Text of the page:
Near record zone forecast in Gulf of Mexico



The Gulf of Mexico “dead zone” is a region of oxygen-depleted water that’s harmful to sea life.

The annual Gulf of Mexico “dead zone” – a region of oxygen-depleted water off the Louisiana and Texas coasts that’s harmful to sea life – will be the second-largest on record this summer, scientists announced Monday.

This year’s zone should be about 8,717 square miles, an area roughly the size of New Hampshire, according to researchers at Louisiana State University. The average Gulf dead zone is about 5,309 square miles; the record is 8,776 square miles set in 2017.

A dead zone occurs at the bottom of a body of water when there isn’t enough oxygen in the water to support marine life. Also known as hypoxia, it’s created by nutrient runoff, mostly from over-application of fertilizer on agricultural fields during the spring.

Nutrients such as nitrogen flow from North America’s corn belt through streams and rivers before ending up in the Gulf. Heavy rains fueled near-record flooding along the Mississippi River throughout the spring.

The low oxygen conditions in the Gulf’s most productive waters stress organisms and may even cause their death, threatening living resources, including fish, shrimp and crabs caught there. 

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A separate forecast from federal scientists at the National Oceanic and Atmospheric Administration also predicted an unusually large dead zone, approximately 7,829 square miles, which is about the size of Massachusetts. NOAA cited “historic and sustained river flows” as a cause of the large dead zone.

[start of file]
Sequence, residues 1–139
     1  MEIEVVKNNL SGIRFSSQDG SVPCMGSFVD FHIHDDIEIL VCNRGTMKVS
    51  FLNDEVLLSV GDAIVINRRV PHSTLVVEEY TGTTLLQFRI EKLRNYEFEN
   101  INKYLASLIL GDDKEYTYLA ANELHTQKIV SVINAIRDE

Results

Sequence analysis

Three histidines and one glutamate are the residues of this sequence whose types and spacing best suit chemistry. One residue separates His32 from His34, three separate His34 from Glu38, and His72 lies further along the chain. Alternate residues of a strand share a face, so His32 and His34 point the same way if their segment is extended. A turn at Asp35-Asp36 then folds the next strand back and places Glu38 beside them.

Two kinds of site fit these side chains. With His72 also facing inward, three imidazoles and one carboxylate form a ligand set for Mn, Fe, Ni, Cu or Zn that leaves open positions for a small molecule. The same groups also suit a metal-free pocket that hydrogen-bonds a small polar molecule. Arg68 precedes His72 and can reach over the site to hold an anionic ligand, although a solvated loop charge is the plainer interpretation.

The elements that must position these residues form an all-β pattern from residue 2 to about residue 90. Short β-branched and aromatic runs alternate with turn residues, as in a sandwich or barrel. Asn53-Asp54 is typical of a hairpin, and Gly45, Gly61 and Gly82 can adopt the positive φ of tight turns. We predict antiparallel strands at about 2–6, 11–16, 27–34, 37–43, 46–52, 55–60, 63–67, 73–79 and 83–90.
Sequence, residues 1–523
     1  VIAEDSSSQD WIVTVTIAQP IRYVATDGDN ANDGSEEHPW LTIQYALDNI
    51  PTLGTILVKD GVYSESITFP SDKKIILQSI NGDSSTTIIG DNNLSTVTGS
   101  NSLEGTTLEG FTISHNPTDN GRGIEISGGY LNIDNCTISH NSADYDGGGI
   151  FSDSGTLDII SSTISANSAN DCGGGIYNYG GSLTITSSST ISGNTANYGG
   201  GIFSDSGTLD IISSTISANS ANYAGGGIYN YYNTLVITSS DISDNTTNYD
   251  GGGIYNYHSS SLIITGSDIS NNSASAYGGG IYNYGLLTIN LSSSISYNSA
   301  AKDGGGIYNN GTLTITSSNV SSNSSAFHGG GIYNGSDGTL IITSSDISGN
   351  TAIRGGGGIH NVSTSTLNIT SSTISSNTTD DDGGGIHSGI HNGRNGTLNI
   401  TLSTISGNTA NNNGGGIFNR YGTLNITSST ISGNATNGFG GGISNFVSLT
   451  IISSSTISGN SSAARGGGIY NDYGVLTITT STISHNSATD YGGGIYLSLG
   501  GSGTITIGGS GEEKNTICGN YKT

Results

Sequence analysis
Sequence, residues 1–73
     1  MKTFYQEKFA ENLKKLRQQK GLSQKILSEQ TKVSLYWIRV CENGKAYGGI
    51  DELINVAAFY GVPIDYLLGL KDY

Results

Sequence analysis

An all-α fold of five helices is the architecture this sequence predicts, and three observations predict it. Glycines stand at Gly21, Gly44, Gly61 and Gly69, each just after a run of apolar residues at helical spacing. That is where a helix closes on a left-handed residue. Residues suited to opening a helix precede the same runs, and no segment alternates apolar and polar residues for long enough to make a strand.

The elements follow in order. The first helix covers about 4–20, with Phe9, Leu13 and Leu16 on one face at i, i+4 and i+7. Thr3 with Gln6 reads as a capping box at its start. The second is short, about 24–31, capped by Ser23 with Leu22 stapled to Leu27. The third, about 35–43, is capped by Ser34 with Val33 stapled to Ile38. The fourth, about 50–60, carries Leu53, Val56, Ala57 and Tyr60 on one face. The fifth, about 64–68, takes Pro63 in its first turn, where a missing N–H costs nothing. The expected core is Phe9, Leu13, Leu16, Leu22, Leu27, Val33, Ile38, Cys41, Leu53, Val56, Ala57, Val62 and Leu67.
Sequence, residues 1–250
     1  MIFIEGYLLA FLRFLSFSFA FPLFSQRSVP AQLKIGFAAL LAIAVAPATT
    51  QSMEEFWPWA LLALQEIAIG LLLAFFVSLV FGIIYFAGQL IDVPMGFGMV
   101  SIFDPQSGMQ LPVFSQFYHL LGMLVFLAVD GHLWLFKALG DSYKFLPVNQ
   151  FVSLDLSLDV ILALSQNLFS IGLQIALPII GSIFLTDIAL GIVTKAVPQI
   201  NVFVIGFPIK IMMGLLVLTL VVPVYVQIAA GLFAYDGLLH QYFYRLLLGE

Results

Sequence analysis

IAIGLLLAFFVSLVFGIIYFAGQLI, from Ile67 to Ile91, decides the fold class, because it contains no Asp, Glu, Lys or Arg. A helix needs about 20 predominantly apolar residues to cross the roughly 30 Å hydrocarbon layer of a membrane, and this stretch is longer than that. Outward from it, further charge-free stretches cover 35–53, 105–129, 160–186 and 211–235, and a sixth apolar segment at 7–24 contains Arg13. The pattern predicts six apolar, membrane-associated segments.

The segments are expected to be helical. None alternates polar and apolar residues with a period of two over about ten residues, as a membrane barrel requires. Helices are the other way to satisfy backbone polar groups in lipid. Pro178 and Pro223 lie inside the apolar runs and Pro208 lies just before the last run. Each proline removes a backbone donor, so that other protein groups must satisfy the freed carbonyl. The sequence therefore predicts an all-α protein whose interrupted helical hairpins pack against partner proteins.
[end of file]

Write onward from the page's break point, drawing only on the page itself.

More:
Nurdles, also known as “mermaid tears,” are actually small plastic pellets used to make plastic items.

Last month, NOAA said discharge in the Mississippi and Atchafalaya Rivers was about 67% above the long-term average.

The Gulf of Mexico dead zone is one of the largest in the world, according to NOAA.

“While this year’s zone will be larger than usual because of the flooding, the long-term trend is still not changing,” University of Michigan aquatic ecologist Don Scavia said in a statement. “The bottom line is that we will never reach the dead zone reduction target of 1,900 square miles until more serious actions are taken to reduce the loss of Midwest fertilizers into the Mississippi River system.” 

Annual forecasts and measurements of the Gulf dead zone began in 1985. There is also an annual dead zone in the Chesapeake Bay.

More: Gulf of Mexico ‘dead zone’ will persist for decades

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